Chirashi means “scattered sushi”. It is usually presented as sushi rice and other ingredients mixed together or as sushi rice topped with a decorative arrangement of ingredients. Displayed here is sliced raw salmon, raw scallops, salted salmon eggs, and shiso (full leaves and julienned).
To make ikura: Gently rinse salmon eggs (0.15 lbs) in cold water (be careful to not break the eggs). Mix with 1 tsp sake and 1 tsp usukuchi soy sauce with the drained salmon eggs (normally the soy sauce and sake would be heated until simmering to reduce the alcohol and then let to cool before mixing with the eggs, but since this is such a small quantity of sauce this small this isn’t necessary). The salmon eggs can be eaten right away but they will be better if you let them marinate for half a day. If you are luckily enough to find a sack of salmon eggs instead of pre-separated salted salmon eggs, you can prepare them like this.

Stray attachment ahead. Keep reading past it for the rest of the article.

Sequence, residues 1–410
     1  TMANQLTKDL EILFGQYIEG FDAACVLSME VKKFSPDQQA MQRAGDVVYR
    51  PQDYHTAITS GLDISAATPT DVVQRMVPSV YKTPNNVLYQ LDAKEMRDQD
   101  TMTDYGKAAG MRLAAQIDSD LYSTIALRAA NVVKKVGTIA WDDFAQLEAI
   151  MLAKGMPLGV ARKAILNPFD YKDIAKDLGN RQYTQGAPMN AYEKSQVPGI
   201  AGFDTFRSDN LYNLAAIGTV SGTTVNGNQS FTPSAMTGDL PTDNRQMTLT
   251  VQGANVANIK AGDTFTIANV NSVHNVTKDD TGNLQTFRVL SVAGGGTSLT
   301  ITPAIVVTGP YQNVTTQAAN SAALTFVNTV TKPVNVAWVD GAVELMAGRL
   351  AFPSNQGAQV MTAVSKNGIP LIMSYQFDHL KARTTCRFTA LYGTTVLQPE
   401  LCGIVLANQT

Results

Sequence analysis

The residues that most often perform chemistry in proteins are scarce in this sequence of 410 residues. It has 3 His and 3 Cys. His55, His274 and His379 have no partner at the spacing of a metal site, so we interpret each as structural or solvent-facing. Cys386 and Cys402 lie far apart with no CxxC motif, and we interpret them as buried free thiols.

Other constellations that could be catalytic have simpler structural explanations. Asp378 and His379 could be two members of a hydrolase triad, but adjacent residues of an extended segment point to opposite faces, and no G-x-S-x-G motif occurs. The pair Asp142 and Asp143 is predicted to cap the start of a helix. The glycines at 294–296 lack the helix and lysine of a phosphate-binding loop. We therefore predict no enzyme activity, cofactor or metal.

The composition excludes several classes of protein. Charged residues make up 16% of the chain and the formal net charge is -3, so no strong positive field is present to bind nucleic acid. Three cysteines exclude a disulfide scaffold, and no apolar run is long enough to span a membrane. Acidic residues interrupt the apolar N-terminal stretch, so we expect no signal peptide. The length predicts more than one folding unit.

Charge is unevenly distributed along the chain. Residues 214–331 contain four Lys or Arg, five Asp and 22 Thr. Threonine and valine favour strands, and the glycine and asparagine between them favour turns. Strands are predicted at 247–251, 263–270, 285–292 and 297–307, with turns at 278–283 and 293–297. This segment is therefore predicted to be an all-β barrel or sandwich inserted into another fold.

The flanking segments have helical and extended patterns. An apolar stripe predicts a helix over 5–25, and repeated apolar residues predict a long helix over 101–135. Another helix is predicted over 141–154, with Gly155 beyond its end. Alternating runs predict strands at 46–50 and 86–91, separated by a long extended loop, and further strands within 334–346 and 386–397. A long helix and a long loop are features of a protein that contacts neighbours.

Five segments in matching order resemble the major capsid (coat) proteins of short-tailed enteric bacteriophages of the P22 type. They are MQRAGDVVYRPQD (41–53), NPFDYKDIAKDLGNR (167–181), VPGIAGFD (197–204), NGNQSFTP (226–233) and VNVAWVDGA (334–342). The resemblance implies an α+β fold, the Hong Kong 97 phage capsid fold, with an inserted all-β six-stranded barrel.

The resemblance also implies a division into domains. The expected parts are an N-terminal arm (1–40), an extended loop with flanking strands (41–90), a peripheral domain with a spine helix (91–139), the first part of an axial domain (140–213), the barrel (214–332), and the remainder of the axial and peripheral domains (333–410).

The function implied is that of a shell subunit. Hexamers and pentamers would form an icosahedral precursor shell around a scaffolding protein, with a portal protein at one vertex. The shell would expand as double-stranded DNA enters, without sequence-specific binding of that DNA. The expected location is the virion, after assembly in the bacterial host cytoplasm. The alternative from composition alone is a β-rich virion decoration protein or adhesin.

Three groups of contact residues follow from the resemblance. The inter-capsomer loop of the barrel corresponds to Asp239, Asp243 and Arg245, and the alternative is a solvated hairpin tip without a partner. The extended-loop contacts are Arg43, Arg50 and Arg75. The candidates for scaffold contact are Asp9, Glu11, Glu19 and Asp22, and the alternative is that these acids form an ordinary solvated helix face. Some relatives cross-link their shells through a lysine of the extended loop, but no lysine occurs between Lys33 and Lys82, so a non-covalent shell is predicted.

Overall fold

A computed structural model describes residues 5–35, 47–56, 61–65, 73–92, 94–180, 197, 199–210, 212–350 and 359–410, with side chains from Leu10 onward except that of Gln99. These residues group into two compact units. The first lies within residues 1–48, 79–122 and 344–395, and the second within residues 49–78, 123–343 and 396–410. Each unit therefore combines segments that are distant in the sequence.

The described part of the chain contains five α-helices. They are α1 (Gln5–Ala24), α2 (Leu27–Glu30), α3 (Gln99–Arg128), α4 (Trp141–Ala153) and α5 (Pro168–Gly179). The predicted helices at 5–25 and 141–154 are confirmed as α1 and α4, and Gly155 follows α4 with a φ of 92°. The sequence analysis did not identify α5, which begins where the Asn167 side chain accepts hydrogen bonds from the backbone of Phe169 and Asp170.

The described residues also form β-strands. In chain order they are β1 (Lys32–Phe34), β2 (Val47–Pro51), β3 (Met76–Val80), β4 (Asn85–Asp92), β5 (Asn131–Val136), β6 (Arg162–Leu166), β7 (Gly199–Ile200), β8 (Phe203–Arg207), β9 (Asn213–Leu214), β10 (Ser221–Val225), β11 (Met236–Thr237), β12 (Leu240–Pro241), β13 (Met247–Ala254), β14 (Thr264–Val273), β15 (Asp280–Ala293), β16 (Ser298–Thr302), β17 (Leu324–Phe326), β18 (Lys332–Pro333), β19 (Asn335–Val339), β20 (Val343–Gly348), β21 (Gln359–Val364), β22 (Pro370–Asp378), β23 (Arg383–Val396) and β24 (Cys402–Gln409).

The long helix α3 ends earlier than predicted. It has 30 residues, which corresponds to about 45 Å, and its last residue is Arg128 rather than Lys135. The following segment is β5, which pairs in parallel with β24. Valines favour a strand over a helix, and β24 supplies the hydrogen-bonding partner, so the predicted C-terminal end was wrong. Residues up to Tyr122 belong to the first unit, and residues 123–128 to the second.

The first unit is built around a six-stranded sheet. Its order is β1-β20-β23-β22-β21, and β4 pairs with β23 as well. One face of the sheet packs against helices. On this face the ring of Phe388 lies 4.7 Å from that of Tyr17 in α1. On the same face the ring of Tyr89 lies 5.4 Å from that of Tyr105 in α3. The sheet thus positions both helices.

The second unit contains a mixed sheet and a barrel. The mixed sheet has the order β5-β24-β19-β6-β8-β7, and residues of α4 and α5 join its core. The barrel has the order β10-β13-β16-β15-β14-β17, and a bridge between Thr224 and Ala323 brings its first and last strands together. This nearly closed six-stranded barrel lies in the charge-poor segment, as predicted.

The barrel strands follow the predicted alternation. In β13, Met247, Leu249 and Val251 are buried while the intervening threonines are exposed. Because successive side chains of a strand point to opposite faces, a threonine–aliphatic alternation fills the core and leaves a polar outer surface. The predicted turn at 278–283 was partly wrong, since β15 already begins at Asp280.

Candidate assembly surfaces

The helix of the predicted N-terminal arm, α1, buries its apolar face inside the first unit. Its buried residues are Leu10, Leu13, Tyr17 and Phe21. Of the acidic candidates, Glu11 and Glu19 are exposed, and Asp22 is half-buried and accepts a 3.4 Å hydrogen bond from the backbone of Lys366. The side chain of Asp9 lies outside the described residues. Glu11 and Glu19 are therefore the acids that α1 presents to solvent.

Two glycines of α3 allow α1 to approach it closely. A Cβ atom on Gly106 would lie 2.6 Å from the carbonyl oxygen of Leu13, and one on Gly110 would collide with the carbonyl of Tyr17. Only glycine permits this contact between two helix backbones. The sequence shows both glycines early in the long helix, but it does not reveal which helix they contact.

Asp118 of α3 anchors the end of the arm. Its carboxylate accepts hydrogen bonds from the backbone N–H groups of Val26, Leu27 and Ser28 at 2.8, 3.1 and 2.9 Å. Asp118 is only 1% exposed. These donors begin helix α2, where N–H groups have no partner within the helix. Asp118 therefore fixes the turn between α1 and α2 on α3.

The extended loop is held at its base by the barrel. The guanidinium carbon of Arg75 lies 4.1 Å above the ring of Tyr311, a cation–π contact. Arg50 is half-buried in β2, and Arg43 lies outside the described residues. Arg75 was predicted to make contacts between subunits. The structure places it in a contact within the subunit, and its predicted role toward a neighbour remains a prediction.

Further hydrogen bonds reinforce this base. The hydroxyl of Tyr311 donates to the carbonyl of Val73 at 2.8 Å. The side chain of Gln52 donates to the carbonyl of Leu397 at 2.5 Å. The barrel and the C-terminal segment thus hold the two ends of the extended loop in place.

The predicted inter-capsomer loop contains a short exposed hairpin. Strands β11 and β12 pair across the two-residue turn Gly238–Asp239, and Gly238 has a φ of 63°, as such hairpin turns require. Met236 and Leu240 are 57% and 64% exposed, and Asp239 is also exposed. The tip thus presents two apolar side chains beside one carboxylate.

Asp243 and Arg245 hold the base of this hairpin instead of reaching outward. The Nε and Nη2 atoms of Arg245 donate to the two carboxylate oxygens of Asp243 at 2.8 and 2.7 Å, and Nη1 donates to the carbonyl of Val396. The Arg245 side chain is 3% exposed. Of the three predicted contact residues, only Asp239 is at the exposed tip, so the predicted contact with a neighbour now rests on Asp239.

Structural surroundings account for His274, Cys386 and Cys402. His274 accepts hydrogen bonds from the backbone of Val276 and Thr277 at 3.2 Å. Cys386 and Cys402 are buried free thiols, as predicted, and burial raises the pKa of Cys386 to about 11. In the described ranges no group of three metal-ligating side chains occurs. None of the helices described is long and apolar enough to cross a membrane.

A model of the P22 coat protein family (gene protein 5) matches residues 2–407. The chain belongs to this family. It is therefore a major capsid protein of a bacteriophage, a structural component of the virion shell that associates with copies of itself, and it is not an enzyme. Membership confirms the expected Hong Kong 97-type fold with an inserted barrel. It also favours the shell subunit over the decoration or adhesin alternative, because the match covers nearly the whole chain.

To make this chirashi bowl, rinse sashimi-quality fish and sashimi-quality scallops briefly in cold water to help remove any bacteria sticking to the outside of the fish and pat dry. Slice the fish into thin slices, and cut scallops in half to make them thinner and more delicate. Place some sushi rice (recipe for sushi rice is available here) in a small serving bowl. Top with a decorative arrangement of fish and ikura. Serve with soy sauce in a small container to dip the fish in and a dab of wasabi. Optionally also serve with half-sheets of toasted nori.
Read here for food safety information about how to buy sushi fish. One easy way to know that the fish you buy is safe to eat raw is to buy it from Japanese markets, which usually have a special refrigerated section for fish that is meant to be eaten raw.